Rew Down Y-station


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Post Sat May 11, 2013 1:08 pm

Rew Down Y-station

Since the range of World War II activities at Bletchley Park have been disclosed, the field operations that supported it have also come under scrutiny. The Isle of Wight Industrial Archaeology Society have recently been researching the remains of a rare wartime structure called a Y-station on Rew Down, which was part of a radio receiving network linked to the code-breaking at Bletchley Park. The Society believes that it could be the only one remaining with walls above ground level and many of the fixings still intact.

Y-stations acted as wireless listening posts, intercepting enemy VHF radio transmissions and, if encoded, forwarding them on to Bletchley Park for processing. Y-stations could also be used for radio direction finding, a means of locating enemy ships by using the bearings of their radio broadcasts to obtain a triangulated position. On a more local level, Y-stations were useful in monitoring the movements of German E-boats through their radio transmissions, a function that was particularly significant for the Isle of Wight.
Like other Y-stations, the one on Rew Down is octagonal with a 2 ft channel running across the middle of the floor. This trunking channel housed all the wiring for equipment. There is a single-skin brick perimeter blast wall that forms seven of its sides, with an opening on the south-east side. About 4 feet away from each corner, there is a concrete base set in the ground that originally held a timber brace, set at a slant towards the structure. These wooden beams acted as supports for an octagonal wooden hut, now gone, about 25 feet high, that sat upon a low internal masonry wall and housed the aerials. The iron bolts and bracket plates that secured the hut still remain embedded in the low foundation wall. The operators occupied the ground floor of this structure, while the top housed a double H-shaped aerial that could be rotated according to the strength of the received signal.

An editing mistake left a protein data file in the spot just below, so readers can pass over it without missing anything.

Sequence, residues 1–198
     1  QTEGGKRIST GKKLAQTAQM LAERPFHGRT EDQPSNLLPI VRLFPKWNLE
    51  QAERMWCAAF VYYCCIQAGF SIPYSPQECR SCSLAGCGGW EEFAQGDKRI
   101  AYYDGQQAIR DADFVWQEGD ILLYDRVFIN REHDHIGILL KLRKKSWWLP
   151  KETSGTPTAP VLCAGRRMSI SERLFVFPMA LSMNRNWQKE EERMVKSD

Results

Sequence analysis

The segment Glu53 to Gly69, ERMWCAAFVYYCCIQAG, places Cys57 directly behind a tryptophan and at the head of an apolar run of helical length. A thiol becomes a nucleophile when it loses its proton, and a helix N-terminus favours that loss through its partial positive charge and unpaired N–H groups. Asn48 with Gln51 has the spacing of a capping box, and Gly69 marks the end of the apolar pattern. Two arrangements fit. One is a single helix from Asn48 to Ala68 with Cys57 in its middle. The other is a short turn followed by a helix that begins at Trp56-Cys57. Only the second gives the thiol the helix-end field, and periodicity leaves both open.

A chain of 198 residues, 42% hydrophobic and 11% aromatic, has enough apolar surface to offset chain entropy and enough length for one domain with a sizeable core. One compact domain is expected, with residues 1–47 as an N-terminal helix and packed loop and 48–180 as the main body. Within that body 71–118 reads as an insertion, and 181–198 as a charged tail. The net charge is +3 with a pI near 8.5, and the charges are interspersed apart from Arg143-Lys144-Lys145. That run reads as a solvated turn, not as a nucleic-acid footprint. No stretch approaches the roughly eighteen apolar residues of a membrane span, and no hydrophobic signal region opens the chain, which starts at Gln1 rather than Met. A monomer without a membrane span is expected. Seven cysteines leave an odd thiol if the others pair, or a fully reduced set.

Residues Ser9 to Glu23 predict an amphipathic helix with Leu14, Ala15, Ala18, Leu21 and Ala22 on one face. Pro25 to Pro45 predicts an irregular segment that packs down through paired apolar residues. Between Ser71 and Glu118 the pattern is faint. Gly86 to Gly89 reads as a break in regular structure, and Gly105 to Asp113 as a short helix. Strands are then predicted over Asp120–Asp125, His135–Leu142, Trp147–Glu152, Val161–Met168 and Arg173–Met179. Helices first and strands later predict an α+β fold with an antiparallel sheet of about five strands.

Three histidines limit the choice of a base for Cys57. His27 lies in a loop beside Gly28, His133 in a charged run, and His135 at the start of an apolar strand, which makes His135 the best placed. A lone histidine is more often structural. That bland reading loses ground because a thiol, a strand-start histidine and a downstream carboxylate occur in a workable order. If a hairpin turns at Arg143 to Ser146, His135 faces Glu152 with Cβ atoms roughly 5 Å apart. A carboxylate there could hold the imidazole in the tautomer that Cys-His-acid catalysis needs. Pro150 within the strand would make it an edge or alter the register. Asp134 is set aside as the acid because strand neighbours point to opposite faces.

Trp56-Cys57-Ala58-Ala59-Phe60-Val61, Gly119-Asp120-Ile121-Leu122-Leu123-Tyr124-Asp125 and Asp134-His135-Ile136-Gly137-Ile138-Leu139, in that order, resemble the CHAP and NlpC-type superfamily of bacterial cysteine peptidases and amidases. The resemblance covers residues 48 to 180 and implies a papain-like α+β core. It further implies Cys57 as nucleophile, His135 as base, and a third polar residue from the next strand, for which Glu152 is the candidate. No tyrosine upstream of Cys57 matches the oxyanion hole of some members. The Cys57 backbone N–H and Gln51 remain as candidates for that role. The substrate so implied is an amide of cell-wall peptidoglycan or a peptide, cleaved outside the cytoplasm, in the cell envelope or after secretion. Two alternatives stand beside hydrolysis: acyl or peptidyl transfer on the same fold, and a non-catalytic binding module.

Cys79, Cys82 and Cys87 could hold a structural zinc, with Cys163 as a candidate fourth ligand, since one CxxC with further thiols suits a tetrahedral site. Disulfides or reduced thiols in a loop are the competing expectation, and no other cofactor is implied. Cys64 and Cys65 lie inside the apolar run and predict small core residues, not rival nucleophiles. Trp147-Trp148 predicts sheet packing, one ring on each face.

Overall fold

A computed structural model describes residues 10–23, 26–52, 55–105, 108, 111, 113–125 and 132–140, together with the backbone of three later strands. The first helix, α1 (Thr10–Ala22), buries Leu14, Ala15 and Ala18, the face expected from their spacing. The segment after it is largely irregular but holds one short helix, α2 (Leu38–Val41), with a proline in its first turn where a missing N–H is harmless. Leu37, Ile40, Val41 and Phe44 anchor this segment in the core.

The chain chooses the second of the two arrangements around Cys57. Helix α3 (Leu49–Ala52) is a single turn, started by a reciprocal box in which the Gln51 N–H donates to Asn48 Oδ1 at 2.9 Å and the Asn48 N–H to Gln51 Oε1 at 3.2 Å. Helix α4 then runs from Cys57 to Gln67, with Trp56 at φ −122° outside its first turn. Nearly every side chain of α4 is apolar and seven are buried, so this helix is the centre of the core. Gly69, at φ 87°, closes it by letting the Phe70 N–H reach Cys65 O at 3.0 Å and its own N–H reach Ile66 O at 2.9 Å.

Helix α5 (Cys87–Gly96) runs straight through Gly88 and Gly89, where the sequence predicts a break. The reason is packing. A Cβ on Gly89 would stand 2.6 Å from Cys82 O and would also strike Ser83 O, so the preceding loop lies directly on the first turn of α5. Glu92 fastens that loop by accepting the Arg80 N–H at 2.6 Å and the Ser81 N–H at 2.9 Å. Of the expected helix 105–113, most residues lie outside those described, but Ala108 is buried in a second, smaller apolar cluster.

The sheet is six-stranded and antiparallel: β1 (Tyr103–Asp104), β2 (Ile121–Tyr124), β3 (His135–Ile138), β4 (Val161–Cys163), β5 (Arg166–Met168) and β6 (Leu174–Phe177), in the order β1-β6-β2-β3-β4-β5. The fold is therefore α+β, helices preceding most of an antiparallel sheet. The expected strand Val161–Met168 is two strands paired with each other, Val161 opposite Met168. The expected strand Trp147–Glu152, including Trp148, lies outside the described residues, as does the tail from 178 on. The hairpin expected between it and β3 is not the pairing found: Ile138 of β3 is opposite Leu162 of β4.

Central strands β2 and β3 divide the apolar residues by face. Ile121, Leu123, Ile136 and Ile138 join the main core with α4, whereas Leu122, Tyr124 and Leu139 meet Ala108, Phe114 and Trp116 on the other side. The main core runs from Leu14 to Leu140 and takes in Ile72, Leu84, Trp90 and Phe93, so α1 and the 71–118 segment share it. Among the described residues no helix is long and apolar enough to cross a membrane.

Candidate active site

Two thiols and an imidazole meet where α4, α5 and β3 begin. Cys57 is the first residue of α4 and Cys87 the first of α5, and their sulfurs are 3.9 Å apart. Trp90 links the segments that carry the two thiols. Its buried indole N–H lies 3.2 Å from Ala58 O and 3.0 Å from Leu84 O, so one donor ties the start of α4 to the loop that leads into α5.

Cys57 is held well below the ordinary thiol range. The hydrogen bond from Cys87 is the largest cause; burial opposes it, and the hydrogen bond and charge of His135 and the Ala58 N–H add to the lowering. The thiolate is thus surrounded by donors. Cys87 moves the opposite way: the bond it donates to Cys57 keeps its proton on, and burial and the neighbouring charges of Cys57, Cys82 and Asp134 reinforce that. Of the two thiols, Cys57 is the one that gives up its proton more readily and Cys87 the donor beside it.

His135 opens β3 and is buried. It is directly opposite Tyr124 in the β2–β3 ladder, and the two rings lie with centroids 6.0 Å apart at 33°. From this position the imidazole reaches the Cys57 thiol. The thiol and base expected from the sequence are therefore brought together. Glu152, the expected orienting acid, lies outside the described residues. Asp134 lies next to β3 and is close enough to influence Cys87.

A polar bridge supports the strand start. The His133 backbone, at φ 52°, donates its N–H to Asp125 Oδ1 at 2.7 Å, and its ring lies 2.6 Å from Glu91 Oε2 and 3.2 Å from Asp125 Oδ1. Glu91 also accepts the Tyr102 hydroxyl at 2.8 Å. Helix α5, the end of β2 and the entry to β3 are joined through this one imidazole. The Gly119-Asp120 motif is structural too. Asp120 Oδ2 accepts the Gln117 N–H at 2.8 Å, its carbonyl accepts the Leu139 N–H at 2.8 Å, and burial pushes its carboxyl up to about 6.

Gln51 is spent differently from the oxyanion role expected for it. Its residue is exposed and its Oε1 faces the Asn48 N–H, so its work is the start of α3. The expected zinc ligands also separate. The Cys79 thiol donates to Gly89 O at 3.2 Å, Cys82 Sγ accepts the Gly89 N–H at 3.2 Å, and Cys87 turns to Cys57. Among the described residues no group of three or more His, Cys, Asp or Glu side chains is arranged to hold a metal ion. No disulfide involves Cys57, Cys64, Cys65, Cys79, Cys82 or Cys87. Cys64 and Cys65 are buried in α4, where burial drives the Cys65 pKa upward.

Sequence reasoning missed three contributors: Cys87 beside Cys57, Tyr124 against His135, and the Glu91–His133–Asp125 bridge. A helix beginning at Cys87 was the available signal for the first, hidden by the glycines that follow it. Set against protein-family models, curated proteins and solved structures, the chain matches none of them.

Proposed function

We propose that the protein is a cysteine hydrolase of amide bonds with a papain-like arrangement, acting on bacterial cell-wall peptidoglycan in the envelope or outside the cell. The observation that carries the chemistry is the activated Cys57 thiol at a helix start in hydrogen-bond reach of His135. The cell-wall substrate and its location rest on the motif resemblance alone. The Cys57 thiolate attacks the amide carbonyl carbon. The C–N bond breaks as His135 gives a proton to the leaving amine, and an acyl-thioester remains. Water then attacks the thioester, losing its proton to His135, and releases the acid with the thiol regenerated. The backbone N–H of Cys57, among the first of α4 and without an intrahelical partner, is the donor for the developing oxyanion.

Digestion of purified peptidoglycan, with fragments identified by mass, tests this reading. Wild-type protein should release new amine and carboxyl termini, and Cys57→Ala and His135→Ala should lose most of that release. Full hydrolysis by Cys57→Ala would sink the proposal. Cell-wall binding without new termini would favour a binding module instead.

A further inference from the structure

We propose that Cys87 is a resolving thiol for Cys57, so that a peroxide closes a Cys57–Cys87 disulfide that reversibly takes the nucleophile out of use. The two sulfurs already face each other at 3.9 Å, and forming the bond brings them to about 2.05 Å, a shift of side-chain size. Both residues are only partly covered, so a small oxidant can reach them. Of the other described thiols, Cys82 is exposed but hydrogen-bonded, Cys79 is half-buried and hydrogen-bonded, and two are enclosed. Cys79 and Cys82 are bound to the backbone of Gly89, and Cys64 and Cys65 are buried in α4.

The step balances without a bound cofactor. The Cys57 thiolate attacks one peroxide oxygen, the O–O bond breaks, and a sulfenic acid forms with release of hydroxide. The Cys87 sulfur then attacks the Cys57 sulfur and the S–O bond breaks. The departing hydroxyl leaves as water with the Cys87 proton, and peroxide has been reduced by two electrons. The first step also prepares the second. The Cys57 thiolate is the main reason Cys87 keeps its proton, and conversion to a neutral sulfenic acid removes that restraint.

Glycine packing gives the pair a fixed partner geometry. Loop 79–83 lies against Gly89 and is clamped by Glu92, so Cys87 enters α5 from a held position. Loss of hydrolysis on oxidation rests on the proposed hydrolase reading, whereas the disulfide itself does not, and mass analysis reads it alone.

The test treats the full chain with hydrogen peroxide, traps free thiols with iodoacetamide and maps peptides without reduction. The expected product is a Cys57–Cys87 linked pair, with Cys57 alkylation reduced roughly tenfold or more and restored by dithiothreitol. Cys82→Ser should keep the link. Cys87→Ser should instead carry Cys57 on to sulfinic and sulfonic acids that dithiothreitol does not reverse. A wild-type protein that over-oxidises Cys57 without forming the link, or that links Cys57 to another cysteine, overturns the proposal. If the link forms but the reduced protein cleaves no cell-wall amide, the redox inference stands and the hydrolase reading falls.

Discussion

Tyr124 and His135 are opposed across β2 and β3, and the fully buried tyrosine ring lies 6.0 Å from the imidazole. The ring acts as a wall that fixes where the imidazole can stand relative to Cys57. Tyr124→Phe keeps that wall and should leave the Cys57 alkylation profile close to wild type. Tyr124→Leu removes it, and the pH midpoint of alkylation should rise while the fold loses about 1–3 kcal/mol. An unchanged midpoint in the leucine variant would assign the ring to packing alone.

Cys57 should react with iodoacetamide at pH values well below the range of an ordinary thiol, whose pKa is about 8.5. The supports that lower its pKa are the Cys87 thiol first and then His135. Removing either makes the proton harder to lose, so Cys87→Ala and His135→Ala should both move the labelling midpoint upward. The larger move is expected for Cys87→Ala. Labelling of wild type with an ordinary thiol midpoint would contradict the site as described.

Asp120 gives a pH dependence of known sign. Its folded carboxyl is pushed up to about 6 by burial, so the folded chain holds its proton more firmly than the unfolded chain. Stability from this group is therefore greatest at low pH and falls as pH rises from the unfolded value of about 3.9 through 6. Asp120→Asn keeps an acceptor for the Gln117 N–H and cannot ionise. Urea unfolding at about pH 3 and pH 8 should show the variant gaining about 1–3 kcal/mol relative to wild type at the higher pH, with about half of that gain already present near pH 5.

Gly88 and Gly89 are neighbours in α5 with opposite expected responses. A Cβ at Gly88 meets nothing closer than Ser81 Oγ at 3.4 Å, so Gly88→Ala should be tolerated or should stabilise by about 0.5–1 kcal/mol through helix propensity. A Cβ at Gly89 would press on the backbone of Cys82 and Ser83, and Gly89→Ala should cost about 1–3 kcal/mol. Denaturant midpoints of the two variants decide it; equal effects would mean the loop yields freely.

A document in the National Archives, listing Y-stations and their locations, includes the Rew Down Y-station as part of "Southern Command" and names it as "Ventnor". It was operated by the Navy and described as a "D/F Tower 200 yds. from Stn." The main station itself was located in The Heights Hotel and operated by Wrens. It is visible on a 1945 aerial photo as a dark tower and is also marked on a 1942 map as "tower".
Very few remains of Y-stations exist today as most were dismantled after the war. Here and there, the concrete base of one can be seen appearing through overgrown grass and indeed an almost identical base, but without its walls or any detail, can be seen at Beston Hill, near Sheringham in Norfolk. It is this extreme rarity that makes the Y-station on Rew Down so nationally significant.
If radar could be described as the eyes of Britain, Y-stations were its ears, and, as with radar, their operators are some of the unsung heroes of World War II. As part of their continuing research, the IW Industrial Archaeology Society website carries a request for contact with anyone who has associations with the Rew Down operation.

More info - http://ystations.webs.com/

Sources;
http://www.iwias.org.uk/
http://freespace.virgin.net/roger.hewitt/iwias/home.htm
Attachments
newsystation.jpg
External and internal views of the Y-station on Rew Down. At right, a wartime photo showing how this type of station originally appeared.
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Site Admin

Posts: 35

Joined: Sun Apr 28, 2013 12:01 pm

Post Sat May 11, 2013 5:59 pm

Re: Rew Down Y-station


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